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Reduction in recidivism seen

by Andrew Maciejewski - amaciejewski@h-ponline.com

Two juvenile-based programs offered by the Local Anti-Drug Coalition Efforts (LACE) are showing success at holding teens accountable for poor decisions and giving them a second chance to learn from their mistakes.

Teen Court, a peer-led problem solving court created to give teens a chance to keep offenses of juvenile’s records, and Students out of School (SOS), a program that works to address behavior and social skills issues, both received additional funding recently to continue offering juvenile offenders guidance, counseling and incentives to make appropriate decisions after being caught for various offenses.

Teen Court has seen a reduced recidivism rate, the rate of individuals who reoffend after participation, since last year, dropping from two reoffenders last year to none this year.

Youth Services Bureau director Jan Williams said while they are seeing success with their programs, a recurring theme in LACE’s programs is emerging. Williams said while they are dealing with the youth perspective, there is a bigger social and family dynamic they are trying to address.

“What we are still continuing to see with both of these programs is that a higher number of kids are dealing with their parents usage than their own,” Williams said. “They may be involved with marijuana or things like that, but their parents are the ones that are affecting the family dynamics more with either their meth, methadone or whatever else that they’re affecting their family with.”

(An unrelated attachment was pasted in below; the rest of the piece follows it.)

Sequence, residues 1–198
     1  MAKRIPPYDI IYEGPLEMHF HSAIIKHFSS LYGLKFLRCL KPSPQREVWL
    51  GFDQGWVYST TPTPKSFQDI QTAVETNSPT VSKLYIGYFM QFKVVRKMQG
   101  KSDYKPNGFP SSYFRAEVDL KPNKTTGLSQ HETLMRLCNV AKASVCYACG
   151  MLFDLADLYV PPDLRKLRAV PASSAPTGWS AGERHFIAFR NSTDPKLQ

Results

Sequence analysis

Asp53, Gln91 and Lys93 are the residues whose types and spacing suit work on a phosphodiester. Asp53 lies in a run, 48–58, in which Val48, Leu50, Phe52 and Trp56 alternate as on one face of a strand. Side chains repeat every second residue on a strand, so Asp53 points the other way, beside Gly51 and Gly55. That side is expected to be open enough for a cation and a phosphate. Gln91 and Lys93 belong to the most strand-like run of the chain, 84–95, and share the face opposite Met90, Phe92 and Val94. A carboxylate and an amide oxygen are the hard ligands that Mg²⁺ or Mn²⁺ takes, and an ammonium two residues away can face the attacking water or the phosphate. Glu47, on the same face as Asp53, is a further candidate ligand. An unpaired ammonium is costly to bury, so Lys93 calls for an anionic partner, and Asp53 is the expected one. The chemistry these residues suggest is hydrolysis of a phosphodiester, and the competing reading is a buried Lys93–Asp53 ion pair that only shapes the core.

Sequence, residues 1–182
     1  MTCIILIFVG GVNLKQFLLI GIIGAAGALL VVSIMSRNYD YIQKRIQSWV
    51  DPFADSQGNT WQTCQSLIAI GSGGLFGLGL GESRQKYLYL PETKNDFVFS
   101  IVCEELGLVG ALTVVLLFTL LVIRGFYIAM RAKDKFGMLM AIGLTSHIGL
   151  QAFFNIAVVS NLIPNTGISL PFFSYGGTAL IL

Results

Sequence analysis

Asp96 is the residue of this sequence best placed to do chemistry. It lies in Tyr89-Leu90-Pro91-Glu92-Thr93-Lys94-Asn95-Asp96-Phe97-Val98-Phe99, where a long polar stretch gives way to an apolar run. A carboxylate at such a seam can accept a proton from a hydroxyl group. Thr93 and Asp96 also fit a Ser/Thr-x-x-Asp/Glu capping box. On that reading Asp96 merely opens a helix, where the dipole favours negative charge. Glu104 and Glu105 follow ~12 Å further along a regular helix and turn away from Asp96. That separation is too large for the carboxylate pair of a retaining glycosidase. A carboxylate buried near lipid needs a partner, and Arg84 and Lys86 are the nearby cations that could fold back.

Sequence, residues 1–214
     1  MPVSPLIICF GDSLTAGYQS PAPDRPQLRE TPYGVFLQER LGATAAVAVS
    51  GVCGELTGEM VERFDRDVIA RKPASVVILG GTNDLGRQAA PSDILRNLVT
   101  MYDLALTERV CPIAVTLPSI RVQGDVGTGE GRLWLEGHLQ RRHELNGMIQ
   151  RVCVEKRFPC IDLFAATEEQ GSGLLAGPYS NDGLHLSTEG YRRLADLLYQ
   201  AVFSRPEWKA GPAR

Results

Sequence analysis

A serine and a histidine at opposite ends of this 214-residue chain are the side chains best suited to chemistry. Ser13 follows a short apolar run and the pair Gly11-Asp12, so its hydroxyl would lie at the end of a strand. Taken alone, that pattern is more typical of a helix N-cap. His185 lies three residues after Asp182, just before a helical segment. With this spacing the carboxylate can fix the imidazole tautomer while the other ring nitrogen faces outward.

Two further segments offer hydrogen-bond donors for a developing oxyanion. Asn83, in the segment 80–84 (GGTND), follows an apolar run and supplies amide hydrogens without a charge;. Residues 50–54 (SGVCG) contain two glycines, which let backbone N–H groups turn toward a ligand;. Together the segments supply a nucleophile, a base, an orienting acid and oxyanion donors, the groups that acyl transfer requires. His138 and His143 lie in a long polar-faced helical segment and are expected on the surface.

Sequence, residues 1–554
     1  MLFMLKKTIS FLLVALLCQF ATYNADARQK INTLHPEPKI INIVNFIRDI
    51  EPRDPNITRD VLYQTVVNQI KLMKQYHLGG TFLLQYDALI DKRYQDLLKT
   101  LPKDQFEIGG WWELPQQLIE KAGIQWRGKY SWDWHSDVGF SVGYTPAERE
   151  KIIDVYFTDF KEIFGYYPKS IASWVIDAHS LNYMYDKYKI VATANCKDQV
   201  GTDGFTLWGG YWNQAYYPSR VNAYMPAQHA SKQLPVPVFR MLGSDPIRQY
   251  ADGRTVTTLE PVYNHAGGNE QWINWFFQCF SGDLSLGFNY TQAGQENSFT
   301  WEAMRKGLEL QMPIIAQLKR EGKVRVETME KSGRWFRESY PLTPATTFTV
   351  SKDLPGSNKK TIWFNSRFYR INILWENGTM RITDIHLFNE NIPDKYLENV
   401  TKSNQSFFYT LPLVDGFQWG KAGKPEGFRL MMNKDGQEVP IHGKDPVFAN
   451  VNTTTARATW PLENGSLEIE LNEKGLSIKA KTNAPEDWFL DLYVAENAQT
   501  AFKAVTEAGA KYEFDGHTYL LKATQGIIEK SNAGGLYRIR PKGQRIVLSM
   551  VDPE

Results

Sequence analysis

In the SOS program, 26 percent of the referrals to the program were referred for drug or alcohol abuse, but 100 percent said they are affected by drug or alcohol abuse directly within their immediate family. Around 60 percent of the juveniles in Teen Court are there based on direct substance violations.

In order to bridge the gaps, Williams said they use the programs to provide additional services to families and children to fight the affects of family substance abuse.

“One of our goals is that they are going to increase their knowledge of the harmful effects of substance abuse,” Williams said.

Juveniles in Teen Court are required to take an eight-week Skills to Survive program, and juveniles in SOS focus on academics but also get instruction on behavior modification and social skills to get them to make healthier choices so they’re not acting out.

“It gives the kids the ability to screw up, be held accountable and learn from that,” Williams said.

The Teen Court program is a three-to-four-month-long process where first-time juvenile offenders can have their records expunged following successful completion of the program. The juveniles are brought before a jury of peers, where they are tried and sentenced by them.

They have to admit their guilt in order to be eligible for the program, and most of the time the parents are called to the witness stand during the process.

“If the parents have already provided sanctions and consequences at home, the jury will still give them the consequences but not as tough, but when a parents come in and thinks this is a big joke and they’ve done nothing, the jury gives them max,” Williams said. “It could be anything from community service to restitution up to $300, to essays or verbal or written apologies.”

Williams said the main goal is to hold the juveniles accountable for their actions and provide them with the help they need to get back on track.

“We realize kids are very impulsive and they make poor choices, and so this gives them an option to hold them accountable, learn from their mistake but not be held forever,” Williams said.